The Agricultural and Food Quality Inspection in Poland (IJHARS) confirmed that the most recent examination of cider was conducted during the 3rd quarter 2014. No evidence of adulteration was found in the 8 samples that were screened by IJHARS inspectors.
However, the lack of product-specific regulations and standards, which the cider industry needs to comply with, is another Achilles’ heel. Producers are allowed to carbonate their drinks as well as to add sugar and flavouring agents after fermentation. More often, the juice is just one of the many ingredients used to manufacture pseudo-ciders.
In the summer of 2014, Minister of Economy Janusz Piechociński supported the creation of a draft law to legalise television cider publicity. This initiative, devised in response to Russian food embargo, eventually remained a dead letter. In Poland beer is the only alcoholic beverage that has the privilege of being advertisable after 8pm until 6am.
Henryk Nowakowski descends from a line of respectable cidermakers in Lituania. In the aftermath of World War II, Poland’s borders were redrawn. His family was transferred to Trzebnica, a small village near Wrocław.
Henryk didn’t know that cidre de glace has been already produced in Canada when he came up with this idea of using frozen apples for fermentation. He explains: “I took inspiration from the producing process of ice wine. I am proud of the fact that my ciders are now available in some restaurants in Wrocław, Warsaw and Gdańsk”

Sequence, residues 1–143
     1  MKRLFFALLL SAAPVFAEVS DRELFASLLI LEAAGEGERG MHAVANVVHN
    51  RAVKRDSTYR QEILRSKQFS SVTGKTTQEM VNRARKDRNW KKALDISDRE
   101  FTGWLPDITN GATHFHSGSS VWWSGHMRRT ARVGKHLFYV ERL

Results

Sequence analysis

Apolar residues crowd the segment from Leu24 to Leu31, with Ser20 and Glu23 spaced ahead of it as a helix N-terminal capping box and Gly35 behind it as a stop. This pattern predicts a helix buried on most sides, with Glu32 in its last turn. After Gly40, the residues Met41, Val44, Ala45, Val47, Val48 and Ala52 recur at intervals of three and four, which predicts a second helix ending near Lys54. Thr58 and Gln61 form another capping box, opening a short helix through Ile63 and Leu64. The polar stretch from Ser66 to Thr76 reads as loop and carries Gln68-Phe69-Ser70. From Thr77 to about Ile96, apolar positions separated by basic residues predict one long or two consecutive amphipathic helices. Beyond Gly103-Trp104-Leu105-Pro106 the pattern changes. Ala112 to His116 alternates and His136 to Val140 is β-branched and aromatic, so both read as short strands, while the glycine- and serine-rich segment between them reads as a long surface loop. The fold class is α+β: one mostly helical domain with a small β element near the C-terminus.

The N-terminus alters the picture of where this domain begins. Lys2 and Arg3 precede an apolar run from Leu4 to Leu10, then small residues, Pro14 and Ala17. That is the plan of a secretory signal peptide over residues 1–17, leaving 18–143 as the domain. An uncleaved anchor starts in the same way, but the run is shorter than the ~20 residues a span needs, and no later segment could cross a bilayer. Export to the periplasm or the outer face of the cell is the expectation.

Nowakowski’s ice cider has an intense amber hue and takes with a very mellow apricot jam taste. Overall, Poles are accustomed to drinking kompot from their childhood. Furthermore, Polish cuisine is not particularly salty. This possibly explains why they generally prefer semi-sweet and sweet wines.
Their drier counterparts, however, are carving out a niche for themselves in the Polish market. Kwaśne Jabłko, Ignaców, and Cider Inn began to craft ciders that could be paired without looking back with salty and spicy dishes. Cider-drinking culture is on its way in Poland and will offer significant growth potential for producers.
A number of emerging trends in the local cider-making scene indicates that the future promises to be quite rosy in Poland. Jacek Szklarek, president of Slow Food Polska, is confident about that. “Over the last year local crafters have made a big leap forward in terms of quality since Anita Chachulska produced her first cider in 2004 very near the Baltic Coast in Sławno County”.
He is aware the quality and diversity of raw material grown is the greatest asset for indigenous cidermakers in Poland: “Younger generations have heard about old cultivars but don’t know how they look and how they taste. We need to support fruit growers to give neglected apples a resurgence”.